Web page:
public function wsh_filter_update_checks($queryArgs) {
	$settings = get_option('my_plugin_settings');
	if ( !empty($settings['license_key']) ) {
		$queryArgs['license_key'] = $settings['license_key'];
	}
	return $queryArgs;
}

Use the Token To Authorize Downloads

Finally, let’s make the update server verify the security token before it lets the user download an update. To do that, you’ll need to create a custom server class (see Extending the server) and override at least the Wpup_UpdateServer::checkAuthorization($request) method. Here’s what you should do in this method:

  1. Retrieve the query argument(s) that contains the token by using $request->param('arg_name').
  2. Verify the token. Again, this part is up to you. You could look it up in a database, use a checksum to validate it, or something else.
  3. If the token is good, you don’t need to do anything special.
  4. If the token is invalid, call $this->exitWithError('Error message') to output an error and stop script execution.

Below is a simplified version of the script I use to implement secure updates for  Admin Menu Editor Pro. It is slightly more advanced than the above outline, but the general idea is the same.

(Again, license management is beyond the scope of this post, so I’ve omitted most of the code that deals with loading and validating licenses. Just treat verifyLicenseExists() and other licensing functions as pseudo-code.)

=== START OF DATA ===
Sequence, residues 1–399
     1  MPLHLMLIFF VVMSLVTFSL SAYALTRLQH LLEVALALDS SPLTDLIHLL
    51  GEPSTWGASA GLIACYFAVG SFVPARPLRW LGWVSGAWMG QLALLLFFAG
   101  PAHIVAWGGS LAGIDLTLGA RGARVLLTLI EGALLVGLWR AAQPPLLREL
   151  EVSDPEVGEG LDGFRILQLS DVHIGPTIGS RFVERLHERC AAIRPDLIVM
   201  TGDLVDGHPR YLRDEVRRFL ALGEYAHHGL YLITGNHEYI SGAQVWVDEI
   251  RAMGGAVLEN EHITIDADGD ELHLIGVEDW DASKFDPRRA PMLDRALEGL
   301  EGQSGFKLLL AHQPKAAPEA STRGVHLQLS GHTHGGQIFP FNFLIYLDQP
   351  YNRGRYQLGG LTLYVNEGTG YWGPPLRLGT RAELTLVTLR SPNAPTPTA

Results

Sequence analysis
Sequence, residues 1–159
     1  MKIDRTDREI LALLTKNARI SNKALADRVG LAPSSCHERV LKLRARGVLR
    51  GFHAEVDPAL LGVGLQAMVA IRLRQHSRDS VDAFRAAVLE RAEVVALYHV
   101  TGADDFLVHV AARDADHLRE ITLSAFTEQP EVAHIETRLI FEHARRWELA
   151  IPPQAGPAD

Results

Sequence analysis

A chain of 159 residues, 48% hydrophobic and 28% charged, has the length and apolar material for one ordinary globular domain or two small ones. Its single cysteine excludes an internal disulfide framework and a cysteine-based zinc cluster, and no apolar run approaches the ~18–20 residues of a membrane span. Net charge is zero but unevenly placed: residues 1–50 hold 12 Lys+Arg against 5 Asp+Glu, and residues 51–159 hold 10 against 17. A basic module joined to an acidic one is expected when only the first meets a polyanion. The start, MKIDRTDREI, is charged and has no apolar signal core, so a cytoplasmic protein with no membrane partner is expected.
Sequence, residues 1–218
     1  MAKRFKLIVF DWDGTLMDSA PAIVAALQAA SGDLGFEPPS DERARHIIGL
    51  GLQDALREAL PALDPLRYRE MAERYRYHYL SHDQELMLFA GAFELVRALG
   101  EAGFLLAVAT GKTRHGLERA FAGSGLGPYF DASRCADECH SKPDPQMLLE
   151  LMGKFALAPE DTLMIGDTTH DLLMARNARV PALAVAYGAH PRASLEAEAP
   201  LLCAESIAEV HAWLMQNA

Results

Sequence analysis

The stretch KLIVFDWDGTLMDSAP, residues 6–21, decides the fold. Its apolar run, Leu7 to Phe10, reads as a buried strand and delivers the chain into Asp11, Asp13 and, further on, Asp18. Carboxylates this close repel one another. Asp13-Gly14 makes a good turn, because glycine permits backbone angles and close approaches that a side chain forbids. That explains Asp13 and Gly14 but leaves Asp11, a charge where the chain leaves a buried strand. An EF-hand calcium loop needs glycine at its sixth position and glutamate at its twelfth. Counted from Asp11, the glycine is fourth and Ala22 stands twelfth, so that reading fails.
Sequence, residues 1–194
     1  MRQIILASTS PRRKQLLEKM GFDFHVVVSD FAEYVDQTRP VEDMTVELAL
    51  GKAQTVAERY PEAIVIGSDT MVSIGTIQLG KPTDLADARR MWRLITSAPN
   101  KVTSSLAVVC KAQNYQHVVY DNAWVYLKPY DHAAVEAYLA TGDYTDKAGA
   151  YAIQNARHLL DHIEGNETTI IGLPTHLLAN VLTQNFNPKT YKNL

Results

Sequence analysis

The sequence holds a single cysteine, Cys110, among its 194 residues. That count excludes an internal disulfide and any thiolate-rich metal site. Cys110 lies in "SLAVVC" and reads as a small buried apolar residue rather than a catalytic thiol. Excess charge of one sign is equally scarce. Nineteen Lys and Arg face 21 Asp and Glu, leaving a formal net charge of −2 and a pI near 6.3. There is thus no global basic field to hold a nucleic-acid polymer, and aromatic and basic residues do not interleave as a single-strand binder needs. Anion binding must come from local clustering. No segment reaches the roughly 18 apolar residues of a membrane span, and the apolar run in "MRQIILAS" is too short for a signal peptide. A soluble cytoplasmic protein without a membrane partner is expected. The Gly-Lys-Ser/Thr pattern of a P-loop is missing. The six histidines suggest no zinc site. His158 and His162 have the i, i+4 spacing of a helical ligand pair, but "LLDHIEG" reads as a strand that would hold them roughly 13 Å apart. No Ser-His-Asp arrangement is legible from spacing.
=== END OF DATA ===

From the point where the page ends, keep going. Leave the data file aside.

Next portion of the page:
class SecureUpdateServer extends Wpup_UpdateServer {
	protected $licenseServer;

	public function __construct($serverUrl, $licenseServer) {
		parent::__construct($serverUrl);
		$this->licenseServer = $licenseServer;
	}

	protected function initRequest($query) {
		$request = parent::initRequest($query);

		//Load the license, if any.
		$license = null;
		if ( $request->param('license_key') ) {
			$result = $this->licenseServer->verifyLicenseExists(
				$request->slug,
				$request->param('license_key')
			);
			if ( is_wp_error($result) ) {
				//If the license doesn't exist, we'll output an invalid dummy license.
				$license = new Wslm_ProductLicense(array(
					'status' => $result->get_error_code(),
					'error' => array(
						'code' => $result->get_error_code(),
						'message' => $result->get_error_message(),
					),
				));
			} else {
				$license = $result;
			}
		}

		$request->license = $license;
		return $request;
	}

	protected function filterMetadata($meta, $request) {
		$meta = parent::filterMetadata($meta, $request);